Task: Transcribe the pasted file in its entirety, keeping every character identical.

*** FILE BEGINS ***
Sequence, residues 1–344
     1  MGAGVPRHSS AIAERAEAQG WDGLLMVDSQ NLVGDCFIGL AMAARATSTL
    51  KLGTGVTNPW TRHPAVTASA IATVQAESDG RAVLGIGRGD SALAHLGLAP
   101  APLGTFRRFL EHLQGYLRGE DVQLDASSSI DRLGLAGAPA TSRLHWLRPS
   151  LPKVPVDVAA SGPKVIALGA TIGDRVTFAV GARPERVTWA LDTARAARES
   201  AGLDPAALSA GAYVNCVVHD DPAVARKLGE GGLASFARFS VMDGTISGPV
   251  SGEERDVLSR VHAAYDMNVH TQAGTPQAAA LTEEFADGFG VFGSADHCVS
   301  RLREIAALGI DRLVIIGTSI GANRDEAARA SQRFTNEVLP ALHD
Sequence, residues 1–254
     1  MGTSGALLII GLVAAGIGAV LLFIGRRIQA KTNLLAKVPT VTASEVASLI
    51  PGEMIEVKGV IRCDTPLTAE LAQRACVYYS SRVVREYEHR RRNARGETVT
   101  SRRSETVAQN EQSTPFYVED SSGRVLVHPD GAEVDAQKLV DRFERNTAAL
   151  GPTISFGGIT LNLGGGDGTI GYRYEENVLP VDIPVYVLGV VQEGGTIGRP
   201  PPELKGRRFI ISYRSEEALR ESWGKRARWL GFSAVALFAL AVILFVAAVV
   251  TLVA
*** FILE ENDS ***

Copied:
Sequence, residues 1–344
     1  MGAGVPRHSS AIAERAEAQG WDGLLMVDSQ NLVGDCFIGL AMAARATSTL
    51  KLGTGVTNPW TRHPAVTASA IATVQAESDG RAVLGIGRGD SALAHLGLAP
   101  APLGTFRRFL EHLQGYLRGE DVQLDASSSI DRLGLAGAPA TSRLHWLRPS
   151  LPKVPVDVAA SGPKVIALGA TIGDRVTFAV GARPERVTWA LDTARAARES
   201  AGLDPAALSA GAYVNCVVHD DPAVARKLGE GGLASFARFS VMDGTISGPV
   251  SGEERDVLSR VHAAYDMNVH TQAGTPQAAA LTEEFADGFG VFGSADHCVS
   301  RLREIAALGI DRLVIIGTSI GANRDEAARA SQRFTNEVLP ALHD
Sequence, residues 1–254
     1  MGTSGALLII GLVAAGIGAV LLFIGRRIQA KTNLLAKVPT VTASEVASLI
    51  PGEMIEVKGV IRCDTPLTAE LAQRACVYYS SRVVREYEHR RRNARGETVT
   101  SRRSETVAQN EQSTPFYVED SSGRVLVHPD GAEVDAQKLV DRFERNTAAL
   151  GPTISFGGIT LNLGGGDGTI GYRYEENVLP VDIPVYVLGV VQEGGTIGRP
   201  PPELKGRRFI ISYRSEEALR ESWGKRARWL GFSAVALFAL AVILFVAAVV
   251  TLVA